Sri Lanka is a textbook case of how a majoritarian democratic system can exclude minorities from political power by encouraging political mobilisation on the basis of ethnicity. Its 75 per cent Sinhala, 11 per cent Lankan Tamil and 9 per cent Muslim population each have their own ethnic parties. Political scientists have observed that in ethnically or religiously divided societies with democracy, parties are incentivised to campaign along narrow sectarian lines. So, instead of making Sri Lankan democracy inclusive, Colombo has promoted the ideology of a Sinhala Buddhist nation that excludes minority groups from political power. Such a majoritarian approach runs the risk of radicalising minorities again.

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Latitudes of acceptance

September 2nd, 2014


My ideas tend to all focus on what we call loosely the “social brain.” How is it that our brain evolved to make us social? How does it successfully make us social? What are its limitations? How does it lead to a context where we think we understand what’s going on, but we’re mistaken? That can lead to all sorts of interpersonal issues.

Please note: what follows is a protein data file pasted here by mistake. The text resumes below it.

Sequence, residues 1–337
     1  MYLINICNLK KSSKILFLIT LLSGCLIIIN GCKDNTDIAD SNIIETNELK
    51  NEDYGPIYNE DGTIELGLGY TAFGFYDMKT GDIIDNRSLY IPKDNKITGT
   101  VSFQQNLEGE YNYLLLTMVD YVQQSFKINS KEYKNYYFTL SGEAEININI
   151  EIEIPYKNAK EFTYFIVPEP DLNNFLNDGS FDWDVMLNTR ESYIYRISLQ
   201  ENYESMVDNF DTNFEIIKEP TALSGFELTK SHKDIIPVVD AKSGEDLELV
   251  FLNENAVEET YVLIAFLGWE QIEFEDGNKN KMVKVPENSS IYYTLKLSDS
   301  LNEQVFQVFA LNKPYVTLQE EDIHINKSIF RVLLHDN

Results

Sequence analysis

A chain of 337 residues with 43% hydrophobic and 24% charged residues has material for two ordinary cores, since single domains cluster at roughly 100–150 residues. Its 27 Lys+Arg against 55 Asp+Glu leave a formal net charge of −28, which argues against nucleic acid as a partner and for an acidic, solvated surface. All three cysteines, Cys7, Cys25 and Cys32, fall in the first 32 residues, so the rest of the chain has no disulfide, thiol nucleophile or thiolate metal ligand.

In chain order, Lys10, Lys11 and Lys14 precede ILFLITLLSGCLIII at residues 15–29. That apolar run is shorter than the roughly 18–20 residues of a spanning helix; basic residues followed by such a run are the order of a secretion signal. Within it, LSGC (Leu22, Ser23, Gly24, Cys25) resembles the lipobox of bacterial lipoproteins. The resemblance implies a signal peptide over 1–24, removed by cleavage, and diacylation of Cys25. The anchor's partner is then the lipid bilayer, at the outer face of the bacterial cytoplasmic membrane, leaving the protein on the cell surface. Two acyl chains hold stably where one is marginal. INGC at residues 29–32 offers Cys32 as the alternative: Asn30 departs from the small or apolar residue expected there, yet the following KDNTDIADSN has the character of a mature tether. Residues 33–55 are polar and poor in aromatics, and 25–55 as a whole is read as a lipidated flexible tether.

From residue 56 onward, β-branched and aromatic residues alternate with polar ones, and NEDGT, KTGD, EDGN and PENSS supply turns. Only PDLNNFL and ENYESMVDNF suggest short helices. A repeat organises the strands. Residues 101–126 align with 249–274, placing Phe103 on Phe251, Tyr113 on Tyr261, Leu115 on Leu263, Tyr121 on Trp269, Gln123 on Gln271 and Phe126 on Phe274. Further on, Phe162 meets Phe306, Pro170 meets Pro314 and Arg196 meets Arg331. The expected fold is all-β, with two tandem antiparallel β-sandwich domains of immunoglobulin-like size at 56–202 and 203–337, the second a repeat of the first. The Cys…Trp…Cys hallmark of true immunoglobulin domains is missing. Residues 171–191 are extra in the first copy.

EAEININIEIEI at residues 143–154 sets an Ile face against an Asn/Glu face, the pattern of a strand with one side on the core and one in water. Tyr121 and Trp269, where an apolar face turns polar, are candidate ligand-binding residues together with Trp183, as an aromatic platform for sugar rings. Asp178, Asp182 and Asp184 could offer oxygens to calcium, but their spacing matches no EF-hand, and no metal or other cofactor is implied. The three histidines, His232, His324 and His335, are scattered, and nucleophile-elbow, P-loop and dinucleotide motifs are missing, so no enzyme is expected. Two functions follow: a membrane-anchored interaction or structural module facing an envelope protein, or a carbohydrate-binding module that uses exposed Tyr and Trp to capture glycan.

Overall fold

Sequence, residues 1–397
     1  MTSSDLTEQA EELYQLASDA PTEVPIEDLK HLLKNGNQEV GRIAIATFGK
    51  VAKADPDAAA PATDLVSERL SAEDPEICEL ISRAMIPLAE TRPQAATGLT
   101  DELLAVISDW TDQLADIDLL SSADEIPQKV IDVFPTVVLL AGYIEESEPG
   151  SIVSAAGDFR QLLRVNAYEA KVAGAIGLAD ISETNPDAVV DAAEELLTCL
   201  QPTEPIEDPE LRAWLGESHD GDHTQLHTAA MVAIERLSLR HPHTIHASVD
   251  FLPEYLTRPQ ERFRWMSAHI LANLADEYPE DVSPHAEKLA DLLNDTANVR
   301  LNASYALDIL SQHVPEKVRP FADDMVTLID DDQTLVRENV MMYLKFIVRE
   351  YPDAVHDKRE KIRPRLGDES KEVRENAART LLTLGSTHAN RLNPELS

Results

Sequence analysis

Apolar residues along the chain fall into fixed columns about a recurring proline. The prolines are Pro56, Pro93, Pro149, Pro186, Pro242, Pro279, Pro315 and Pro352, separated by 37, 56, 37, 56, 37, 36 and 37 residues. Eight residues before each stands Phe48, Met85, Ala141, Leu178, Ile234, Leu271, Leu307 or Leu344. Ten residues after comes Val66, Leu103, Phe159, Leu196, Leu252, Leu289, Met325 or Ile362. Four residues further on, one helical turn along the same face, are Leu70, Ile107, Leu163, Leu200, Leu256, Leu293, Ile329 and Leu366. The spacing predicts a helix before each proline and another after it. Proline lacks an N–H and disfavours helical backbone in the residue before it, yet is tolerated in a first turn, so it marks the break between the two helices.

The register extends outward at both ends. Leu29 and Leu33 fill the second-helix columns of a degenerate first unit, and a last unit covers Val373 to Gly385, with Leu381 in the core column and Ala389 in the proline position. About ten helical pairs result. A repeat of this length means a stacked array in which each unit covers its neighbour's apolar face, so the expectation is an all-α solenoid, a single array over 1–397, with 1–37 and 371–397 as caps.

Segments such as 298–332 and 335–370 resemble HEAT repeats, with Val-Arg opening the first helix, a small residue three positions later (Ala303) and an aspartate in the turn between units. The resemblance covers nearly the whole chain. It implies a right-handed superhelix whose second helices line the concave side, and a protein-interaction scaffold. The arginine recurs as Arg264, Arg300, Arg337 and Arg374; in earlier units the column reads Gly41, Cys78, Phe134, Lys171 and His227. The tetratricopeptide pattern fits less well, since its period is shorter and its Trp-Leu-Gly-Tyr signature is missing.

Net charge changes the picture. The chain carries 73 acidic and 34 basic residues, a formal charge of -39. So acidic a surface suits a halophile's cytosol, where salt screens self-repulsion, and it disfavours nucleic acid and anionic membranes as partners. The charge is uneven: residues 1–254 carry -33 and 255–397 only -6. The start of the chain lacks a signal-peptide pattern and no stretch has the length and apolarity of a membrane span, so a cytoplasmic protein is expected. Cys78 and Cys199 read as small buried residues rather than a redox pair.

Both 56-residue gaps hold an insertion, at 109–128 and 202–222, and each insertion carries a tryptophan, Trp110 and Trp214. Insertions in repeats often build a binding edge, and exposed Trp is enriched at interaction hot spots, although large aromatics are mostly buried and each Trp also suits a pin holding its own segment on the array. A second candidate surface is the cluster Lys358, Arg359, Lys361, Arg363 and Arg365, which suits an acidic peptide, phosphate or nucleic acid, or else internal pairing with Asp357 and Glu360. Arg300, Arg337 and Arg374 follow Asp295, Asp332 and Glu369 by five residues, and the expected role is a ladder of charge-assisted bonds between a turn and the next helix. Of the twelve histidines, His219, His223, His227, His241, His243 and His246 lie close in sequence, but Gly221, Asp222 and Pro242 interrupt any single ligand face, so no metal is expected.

We are a much more comfortable country than we were 50 years ago. When you’re multiple generations into immigrants in a country that the kids are more comfortable than the parents, who are more comfortable than their parents, there is an easing off. Perhaps maybe you start to emphasize personal happiness or your children’s personal happiness more than you emphasize more societally mandated metrics of success, which usually benefits society more than the individual, in my opinion a lot of the time. There’re a lot of doctors who do a lot of good for other people, and who aren’t very happy being doctors, and I think that’s part of what the social contract really is. You agree to do stuff that’s going to help us, and you’ll be compensated, but you might have made a different choice if you knew how all this was going to play out.